How do you take a picture of a black hole? A UMass astronomer explains.

Researchers from across the globe have officially begun the process of imaging one of the most camera shy subjects in the galaxy: a black hole.

Or, to be more specific, the edge of a black hole. The project, known as Event Horizons Telescope, started April 5 and will continue until Friday, April 14, with a team of scientists stationed in six observatories across the planet all training their telescopes on Sagittarius A*, our Milky Way’s own local (and massive) black hole.


Gopal Narayanan, an astronomy research professor at the University of Massachusetts Amherst and a member of the Event Horizons team, is carrying out his portion of the project from Mexico. “It’s totally unprecedented,” he said. “A project of this scale has not been done before.”

The black hole being studied has a mass that’s more than 4 million times that of the sun, but given its distance from Earth — roughly 26,000 light years — and the fact that it absorbs all light, no one has ever managed to capture an image of it. The Event Horizons Telescope team hopes to change that by focusing on the event horizon, that is, the point on a black hole beyond which no light can escape.

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Black holes are surrounded by incredibly hot and bright plasma, which can create a shadow of sorts behind the black hole that scientists can observe at specific wavelengths. If the team can capture that silhouette along the edge, it will serve as definitive evidence that black holes exist and could pave the way for a wave of other discoveries.

To do so, however, the scientists need an enormously powerful telescope. Like, a planet-sized one. Or at least something close. “Of course, we can’t actually build a telescope as big as Earth,” said Narayanan. “So, we do the next best thing. We put telescopes around the world and sample from each.”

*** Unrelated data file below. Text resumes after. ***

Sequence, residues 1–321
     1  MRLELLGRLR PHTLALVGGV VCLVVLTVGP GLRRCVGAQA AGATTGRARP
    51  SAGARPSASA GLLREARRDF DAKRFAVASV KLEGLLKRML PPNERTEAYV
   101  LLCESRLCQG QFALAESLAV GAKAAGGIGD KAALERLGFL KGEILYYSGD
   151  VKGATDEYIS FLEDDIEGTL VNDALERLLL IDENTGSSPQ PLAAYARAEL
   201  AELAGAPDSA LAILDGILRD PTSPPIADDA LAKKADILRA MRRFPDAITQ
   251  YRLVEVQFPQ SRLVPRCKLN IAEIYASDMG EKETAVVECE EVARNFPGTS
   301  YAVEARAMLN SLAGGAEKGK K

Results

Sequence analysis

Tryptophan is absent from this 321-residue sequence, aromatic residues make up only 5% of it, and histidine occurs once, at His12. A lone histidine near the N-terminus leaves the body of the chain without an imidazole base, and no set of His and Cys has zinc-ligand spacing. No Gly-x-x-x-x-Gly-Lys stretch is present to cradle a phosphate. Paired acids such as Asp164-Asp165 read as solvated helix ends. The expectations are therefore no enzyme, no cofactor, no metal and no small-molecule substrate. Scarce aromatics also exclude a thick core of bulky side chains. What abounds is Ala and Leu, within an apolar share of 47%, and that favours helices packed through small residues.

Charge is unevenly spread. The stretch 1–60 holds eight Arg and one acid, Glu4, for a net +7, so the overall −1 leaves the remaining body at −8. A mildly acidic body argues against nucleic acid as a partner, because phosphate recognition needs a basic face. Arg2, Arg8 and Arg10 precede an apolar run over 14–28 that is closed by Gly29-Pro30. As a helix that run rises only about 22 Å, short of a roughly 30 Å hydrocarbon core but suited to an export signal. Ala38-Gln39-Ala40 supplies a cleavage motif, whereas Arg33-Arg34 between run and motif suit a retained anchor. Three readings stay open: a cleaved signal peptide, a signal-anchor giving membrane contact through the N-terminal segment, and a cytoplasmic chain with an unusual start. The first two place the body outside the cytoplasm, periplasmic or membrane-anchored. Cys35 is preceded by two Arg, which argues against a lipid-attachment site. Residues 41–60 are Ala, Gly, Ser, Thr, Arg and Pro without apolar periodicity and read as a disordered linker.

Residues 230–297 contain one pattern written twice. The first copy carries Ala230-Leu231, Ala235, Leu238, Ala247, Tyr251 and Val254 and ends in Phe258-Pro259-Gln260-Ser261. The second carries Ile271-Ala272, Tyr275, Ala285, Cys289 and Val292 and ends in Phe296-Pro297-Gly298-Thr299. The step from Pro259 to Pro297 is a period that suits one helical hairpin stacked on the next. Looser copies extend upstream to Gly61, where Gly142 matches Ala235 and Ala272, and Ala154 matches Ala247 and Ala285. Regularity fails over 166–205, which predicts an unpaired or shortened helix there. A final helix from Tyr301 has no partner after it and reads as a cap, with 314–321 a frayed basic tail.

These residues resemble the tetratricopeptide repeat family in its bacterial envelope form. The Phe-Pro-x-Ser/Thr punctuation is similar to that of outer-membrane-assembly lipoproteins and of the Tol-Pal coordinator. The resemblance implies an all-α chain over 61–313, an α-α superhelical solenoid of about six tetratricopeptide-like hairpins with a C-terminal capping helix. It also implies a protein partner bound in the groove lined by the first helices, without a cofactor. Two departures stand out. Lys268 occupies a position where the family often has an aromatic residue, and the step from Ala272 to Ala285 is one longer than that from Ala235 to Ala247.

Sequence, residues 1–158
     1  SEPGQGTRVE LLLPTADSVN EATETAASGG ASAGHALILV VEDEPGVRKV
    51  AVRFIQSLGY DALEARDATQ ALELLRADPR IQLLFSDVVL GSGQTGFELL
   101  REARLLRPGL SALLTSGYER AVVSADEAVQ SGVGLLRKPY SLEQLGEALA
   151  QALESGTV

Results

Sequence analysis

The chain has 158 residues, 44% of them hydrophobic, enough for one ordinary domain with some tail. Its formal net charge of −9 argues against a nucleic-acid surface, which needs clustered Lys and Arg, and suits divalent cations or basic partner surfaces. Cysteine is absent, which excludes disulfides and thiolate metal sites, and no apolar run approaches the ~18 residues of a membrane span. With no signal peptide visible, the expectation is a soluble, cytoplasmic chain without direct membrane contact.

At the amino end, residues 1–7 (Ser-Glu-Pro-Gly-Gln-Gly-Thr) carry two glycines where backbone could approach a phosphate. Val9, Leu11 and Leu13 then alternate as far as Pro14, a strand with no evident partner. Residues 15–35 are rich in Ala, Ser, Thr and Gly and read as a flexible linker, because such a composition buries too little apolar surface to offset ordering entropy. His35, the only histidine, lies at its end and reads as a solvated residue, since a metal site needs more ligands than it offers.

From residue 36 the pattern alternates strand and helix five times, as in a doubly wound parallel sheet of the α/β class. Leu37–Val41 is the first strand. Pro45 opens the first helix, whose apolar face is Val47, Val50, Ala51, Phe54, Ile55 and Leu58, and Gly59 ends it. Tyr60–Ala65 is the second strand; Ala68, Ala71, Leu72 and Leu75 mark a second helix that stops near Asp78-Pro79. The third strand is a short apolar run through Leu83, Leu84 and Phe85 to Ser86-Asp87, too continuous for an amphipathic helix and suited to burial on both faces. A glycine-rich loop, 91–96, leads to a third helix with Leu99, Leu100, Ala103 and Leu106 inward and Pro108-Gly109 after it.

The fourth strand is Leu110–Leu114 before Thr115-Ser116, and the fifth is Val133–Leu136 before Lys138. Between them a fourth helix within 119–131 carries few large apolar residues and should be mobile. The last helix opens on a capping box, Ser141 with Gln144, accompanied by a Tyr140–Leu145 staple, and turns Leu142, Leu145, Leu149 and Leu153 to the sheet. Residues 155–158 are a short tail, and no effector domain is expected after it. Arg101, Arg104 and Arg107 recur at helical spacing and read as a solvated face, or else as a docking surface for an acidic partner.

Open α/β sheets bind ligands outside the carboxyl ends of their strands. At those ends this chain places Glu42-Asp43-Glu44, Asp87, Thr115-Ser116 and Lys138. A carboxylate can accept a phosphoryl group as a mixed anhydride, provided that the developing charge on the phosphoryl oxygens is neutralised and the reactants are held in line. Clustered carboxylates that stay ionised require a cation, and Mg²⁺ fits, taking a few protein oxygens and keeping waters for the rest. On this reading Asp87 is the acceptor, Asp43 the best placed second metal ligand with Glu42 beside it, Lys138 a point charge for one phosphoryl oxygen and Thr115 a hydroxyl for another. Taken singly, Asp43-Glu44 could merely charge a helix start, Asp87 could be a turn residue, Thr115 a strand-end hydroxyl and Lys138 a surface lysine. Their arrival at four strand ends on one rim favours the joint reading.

Each observatory will then send their observations to command central in Cambridge, located at the Harvard Smithsonian Center for Astrophysics, according to Narayanan. From there, a fleet of supercomputers will be in charge of compiling everything into the final image.


Don’t expect it overnight. It could take six months or longer for the image to be processed. This is one of the largest collections of data in physics history, meaning the observatories can’t just send their information over email. They’ll have to physically ship each of their drives to Cambridge.

This won’t be a problem for most of the Event Horizons Telescope team, but one of the observatories is located in the South Pole, which is in the midst of its winter. “[The obsevatory] is inaccesible. You can’t fly in or out until August or September, when winter ends. We can continue with the analysis of the rest of the data, but the South Pole contributes an important baseline,” said Narayanan.

But that’s a problem for the future. Right now, the scientists are working long hours to make sure they take care of their part. In the first couple days, Narayanan and the rest of the team in Mexico were starting their observations at roughly 4:30 p.m. and ending at 10:30 the next morning, splitting into two shifts. Sleep is not plentiful, in other words. But Naryanan isn’t complaning.

“It’s very exciting,” the UMass astronomer said. “We’ll be opening up new vantage points into our universe.”

Alex Frandsen can be reached at

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